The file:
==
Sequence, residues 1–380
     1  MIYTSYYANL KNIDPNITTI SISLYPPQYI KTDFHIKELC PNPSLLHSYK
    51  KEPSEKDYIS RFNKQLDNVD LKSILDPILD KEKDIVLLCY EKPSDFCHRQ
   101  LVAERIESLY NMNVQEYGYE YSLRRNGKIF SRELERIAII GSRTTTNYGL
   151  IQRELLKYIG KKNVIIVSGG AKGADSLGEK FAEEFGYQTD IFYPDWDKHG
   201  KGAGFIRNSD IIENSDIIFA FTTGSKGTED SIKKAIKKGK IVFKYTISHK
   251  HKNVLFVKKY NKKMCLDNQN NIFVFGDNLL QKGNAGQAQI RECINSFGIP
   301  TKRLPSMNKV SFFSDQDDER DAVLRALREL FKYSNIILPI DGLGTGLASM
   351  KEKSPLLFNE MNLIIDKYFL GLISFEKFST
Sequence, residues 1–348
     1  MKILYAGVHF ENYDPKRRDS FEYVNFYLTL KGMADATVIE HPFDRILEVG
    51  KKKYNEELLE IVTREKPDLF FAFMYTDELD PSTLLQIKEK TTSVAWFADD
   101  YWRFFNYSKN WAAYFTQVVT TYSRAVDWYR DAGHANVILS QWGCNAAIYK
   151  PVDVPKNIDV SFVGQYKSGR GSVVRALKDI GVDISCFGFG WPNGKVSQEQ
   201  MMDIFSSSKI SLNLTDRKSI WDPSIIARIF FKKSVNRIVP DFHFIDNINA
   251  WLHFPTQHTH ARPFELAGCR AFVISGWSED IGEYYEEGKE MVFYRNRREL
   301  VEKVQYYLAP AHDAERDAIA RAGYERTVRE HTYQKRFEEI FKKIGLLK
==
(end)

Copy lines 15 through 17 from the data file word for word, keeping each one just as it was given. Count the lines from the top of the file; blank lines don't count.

   201  MMDIFSSSKI SLNLTDRKSI WDPSIIARIF FKKSVNRIVP DFHFIDNINA
   251  WLHFPTQHTH ARPFELAGCR AFVISGWSED IGEYYEEGKE MVFYRNRREL
   301  VEKVQYYLAP AHDAERDAIA RAGYERTVRE HTYQKRFEEI FKKIGLLK